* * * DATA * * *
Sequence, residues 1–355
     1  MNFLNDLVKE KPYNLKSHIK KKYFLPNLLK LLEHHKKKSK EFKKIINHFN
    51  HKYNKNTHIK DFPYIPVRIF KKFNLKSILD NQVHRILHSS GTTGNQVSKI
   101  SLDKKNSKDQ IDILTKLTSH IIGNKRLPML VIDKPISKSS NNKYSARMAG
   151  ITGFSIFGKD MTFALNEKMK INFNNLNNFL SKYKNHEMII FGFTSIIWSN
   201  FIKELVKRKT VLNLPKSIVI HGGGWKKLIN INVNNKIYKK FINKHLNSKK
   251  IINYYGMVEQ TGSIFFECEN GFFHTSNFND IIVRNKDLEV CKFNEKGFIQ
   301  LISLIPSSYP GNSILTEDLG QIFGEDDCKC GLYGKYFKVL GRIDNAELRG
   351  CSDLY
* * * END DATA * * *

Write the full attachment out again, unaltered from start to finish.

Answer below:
Sequence, residues 1–355
     1  MNFLNDLVKE KPYNLKSHIK KKYFLPNLLK LLEHHKKKSK EFKKIINHFN
    51  HKYNKNTHIK DFPYIPVRIF KKFNLKSILD NQVHRILHSS GTTGNQVSKI
   101  SLDKKNSKDQ IDILTKLTSH IIGNKRLPML VIDKPISKSS NNKYSARMAG
   151  ITGFSIFGKD MTFALNEKMK INFNNLNNFL SKYKNHEMII FGFTSIIWSN
   201  FIKELVKRKT VLNLPKSIVI HGGGWKKLIN INVNNKIYKK FINKHLNSKK
   251  IINYYGMVEQ TGSIFFECEN GFFHTSNFND IIVRNKDLEV CKFNEKGFIQ
   301  LISLIPSSYP GNSILTEDLG QIFGEDDCKC GLYGKYFKVL GRIDNAELRG
   351  CSDLY